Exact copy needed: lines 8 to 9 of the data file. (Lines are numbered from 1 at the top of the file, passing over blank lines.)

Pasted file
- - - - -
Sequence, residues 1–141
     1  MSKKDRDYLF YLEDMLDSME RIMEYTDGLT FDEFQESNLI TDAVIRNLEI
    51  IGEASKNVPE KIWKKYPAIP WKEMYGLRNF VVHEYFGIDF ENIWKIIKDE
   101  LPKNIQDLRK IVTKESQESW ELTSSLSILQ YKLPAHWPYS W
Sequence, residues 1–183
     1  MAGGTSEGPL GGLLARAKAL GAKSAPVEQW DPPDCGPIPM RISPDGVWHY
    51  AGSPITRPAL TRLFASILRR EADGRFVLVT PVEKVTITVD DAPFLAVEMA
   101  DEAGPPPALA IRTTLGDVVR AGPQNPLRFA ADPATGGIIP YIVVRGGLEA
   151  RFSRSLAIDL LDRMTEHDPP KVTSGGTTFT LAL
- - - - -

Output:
   101  DEAGPPPALA IRTTLGDVVR AGPQNPLRFA ADPATGGIIP YIVVRGGLEA
   151  RFSRSLAIDL LDRMTEHDPP KVTSGGTTFT LAL